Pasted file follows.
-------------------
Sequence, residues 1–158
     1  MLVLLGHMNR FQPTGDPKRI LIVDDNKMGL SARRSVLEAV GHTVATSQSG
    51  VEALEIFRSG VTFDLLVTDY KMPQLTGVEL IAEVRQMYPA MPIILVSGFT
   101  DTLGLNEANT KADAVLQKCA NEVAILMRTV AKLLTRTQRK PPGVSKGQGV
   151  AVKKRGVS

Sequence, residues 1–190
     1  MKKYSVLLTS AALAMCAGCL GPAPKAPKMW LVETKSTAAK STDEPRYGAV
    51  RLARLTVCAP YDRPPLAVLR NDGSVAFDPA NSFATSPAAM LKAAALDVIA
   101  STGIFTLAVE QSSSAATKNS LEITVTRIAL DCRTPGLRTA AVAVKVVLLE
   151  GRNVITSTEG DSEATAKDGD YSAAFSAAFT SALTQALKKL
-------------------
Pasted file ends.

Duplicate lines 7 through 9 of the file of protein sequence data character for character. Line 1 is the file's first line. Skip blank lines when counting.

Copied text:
     1  MKKYSVLLTS AALAMCAGCL GPAPKAPKMW LVETKSTAAK STDEPRYGAV
    51  RLARLTVCAP YDRPPLAVLR NDGSVAFDPA NSFATSPAAM LKAAALDVIA
   101  STGIFTLAVE QSSSAATKNS LEITVTRIAL DCRTPGLRTA AVAVKVVLLE